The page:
IntroductionAnimal bushmeat ethics is a contested topics due to differing views between the protectionists, animal rights activists and those that are completely against taking meat such as vegetarians. The ethical question in animal bushmeat consumption is argued on the basis of animal rights in which hunting animals in their natural habitation is viewed as a deprivation of the common animal rights that should be extended to the wild animals also because they are sentient beings. The methods used to hunt and kill/maim the wild animals has also been put in question ethically because the animals are subjected to suffering before they can be converted into human food. This essay will argue on the ethical aspects of animal bushmeat consumption to assess whether it is right or wrong to be allowed putting in mind the issue of animal rights and the need to protect the natural ecological systems.
Ethical Arguments on Bushmeat
In the food chain, human beings reign supreme which has given people the authority to choose and to actually be able to hunt wild animals for bushmeat. Eating bushmeat attract a considerable controversy as the practice is used to test the boundary normally in the cultural aspects of eating bushmeat, and the economic aspects of the communities that are involved in bushmeat trade. The difference in both schools of thoughts spawns a passion and conflict, hence, creating a dilemma on whether it is right to feed on bushmeat or protect our wild animals from animal related activities such as hunting which is one of the approaches used to acquire bushmeat. There is always a discussion on whether there would ever exist a peaceful and better sense community between animals and human beings. Vegetarians and protectionists who are of the opinion eating animals are unethical and cruel to the animal as it would lead to nature imbalance as well as the extinction of some animals.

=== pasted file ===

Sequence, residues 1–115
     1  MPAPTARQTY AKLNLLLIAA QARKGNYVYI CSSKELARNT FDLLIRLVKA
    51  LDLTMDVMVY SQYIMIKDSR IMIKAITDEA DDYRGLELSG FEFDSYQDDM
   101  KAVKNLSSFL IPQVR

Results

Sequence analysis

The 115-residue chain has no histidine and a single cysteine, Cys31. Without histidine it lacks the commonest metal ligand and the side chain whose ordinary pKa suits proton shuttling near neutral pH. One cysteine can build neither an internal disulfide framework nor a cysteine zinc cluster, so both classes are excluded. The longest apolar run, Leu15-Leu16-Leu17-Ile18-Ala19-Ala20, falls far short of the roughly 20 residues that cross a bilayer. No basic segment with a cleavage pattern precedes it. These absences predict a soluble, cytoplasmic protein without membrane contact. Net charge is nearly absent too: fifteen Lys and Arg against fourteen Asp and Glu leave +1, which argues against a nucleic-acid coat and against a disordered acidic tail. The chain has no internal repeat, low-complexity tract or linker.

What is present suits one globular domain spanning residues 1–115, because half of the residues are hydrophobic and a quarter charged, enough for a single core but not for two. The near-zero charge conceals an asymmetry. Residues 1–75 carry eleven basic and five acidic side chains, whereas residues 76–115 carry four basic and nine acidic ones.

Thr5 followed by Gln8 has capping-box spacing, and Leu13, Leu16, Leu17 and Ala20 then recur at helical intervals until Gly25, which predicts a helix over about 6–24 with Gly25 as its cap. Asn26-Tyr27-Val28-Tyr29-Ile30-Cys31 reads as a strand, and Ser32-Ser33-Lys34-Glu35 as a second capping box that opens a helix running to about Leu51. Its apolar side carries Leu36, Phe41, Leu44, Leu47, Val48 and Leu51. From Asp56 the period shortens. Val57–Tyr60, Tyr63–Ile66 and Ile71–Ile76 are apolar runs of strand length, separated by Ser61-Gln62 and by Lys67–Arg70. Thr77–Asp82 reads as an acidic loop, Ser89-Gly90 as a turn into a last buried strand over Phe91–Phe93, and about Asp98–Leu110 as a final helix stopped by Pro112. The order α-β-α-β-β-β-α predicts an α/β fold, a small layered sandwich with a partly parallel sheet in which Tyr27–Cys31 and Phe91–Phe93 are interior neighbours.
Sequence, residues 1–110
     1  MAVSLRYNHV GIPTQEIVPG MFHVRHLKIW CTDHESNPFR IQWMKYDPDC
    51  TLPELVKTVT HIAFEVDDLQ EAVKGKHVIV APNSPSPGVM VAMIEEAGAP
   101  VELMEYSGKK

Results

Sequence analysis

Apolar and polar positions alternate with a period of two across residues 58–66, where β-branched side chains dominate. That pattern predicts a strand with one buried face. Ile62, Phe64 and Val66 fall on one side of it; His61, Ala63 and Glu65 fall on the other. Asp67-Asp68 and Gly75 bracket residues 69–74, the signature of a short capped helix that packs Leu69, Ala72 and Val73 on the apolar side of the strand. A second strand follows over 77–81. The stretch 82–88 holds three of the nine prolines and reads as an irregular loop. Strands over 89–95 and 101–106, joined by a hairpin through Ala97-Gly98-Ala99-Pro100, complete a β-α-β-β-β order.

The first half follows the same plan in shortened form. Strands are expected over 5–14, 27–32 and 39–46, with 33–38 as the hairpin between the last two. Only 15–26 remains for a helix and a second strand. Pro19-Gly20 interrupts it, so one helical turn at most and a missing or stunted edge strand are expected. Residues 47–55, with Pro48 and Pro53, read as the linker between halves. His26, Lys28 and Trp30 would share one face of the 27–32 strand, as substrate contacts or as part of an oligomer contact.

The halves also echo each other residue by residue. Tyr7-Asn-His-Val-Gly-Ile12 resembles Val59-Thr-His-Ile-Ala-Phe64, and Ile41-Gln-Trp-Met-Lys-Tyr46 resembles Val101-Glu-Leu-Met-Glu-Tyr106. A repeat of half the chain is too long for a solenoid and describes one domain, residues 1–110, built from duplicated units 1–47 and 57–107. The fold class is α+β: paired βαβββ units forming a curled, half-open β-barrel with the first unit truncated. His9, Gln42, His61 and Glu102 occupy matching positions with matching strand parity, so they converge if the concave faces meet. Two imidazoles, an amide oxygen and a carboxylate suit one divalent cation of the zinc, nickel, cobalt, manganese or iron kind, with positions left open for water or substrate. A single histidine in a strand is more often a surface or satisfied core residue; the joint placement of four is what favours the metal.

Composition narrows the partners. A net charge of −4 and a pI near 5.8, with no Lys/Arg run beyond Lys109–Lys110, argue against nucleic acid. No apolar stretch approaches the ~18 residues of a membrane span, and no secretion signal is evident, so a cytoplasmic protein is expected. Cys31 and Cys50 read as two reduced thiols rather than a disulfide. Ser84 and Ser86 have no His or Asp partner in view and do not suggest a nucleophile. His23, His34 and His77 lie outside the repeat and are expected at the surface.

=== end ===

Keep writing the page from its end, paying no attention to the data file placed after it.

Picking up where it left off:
Animals have rights similar to all animals even in the wild that bushmeat lovers deprive their hunt victims in the name of sport or a cultural practice. Based on the argument of animal rights according to Regan, animals in wild should be protected and given equal rights to life and a safe environment. Some African communities hunt and eat bush meat as a way of leaving and hunt these animals as a way of life, culture and recreational activity. The meat eating culture is largely entwined in the minds of many and people in some communities can rarely have a meal without meat. There is a heating debate on whether people should abandon their cultural aspects of eating bush meat to observe the animal rights as well as promote conservation efforts especially communities living near natural ecosystems.